WASHINGTON – Longtime presidential adviser Karen Hughes (search) will be named to a top post at the State Department on Monday, the White House said, and improving the U.S. image in the Arab world will be a top priority for her. An Egyptian-born White House aide will be nominated as Hughes' second-in-command.
Hughes, who for years has had a major voice in crafting President Bush's domestic message, is a former counselor to the president who left the White House in 2002 to move her family back to Texas.
"Karen Hughes is a valued member of the president's team," White House press secretary Scott McClellan said. "She has the full trust of the president."
Hughes and Secretary of State Condoleezza Rice (search) had breakfast with Bush Monday morning, McClellan said.
McClellan said the choice of Hughes for the post demonstrates the significance Bush places on the task of public diplomacy, the face-to-face effort to spread U.S. ideas and principles abroad.
Public diplomacy typically involves cultural and educational outreach, as well as radio or other media broadcasts that present news and other programming in local languages.
Hughes, a former Texas television reporter, has continued to advise the president from her home in Austin. Although not a diplomat by training, Hughes had a hand in several foreign policy initiatives during Bush's first term, including efforts to promote democracy and improve the lives of women and children in Afghanistan (search). Hughes is also close to Rice, and was expected to appear alongside her at a State Department press conference Monday.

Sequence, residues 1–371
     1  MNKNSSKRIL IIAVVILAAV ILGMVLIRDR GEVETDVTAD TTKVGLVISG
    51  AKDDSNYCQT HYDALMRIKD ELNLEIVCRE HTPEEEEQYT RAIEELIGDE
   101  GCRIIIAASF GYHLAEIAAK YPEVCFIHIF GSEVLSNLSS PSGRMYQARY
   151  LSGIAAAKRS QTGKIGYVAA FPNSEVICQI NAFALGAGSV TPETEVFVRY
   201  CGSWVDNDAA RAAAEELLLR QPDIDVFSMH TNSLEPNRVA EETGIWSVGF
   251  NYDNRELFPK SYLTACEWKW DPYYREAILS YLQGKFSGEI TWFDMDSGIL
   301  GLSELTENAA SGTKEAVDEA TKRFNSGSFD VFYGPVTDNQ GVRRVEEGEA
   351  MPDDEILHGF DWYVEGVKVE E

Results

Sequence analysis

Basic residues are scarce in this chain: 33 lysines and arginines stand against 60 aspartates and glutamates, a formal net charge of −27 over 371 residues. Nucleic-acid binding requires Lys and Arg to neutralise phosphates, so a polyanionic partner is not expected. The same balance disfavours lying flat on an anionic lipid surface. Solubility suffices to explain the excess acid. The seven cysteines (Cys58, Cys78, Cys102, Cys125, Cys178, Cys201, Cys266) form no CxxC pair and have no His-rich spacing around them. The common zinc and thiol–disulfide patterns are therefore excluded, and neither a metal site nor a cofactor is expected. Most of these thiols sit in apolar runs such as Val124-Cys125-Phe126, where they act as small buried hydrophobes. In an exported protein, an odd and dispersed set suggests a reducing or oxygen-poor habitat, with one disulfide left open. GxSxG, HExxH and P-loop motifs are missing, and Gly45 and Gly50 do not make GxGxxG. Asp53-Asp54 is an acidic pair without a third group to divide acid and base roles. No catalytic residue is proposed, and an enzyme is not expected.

If confirmed by the Senate, Hughes' title would be undersecretary of state for public diplomacy, and she would have the rank of ambassador.
Her deputy would be Dina Powell (search), currently Bush's personnel director. Powell is a fluent Arabic speaker who emigrated to the United States as a child.
Both women would focus on Bush's plan to spread democracy in the Middle East, an effort that has gained momentum with recent elections in Iraq and the Palestinian territories. Powell's title would be deputy undersecretary for educational and cultural affairs.
Hughes and Powell would be the latest close Bush aides to follow Rice to the State Department. Rice was Bush's White House national security adviser during his first term. She succeeded Colin Powell as the top U.S. diplomat in January.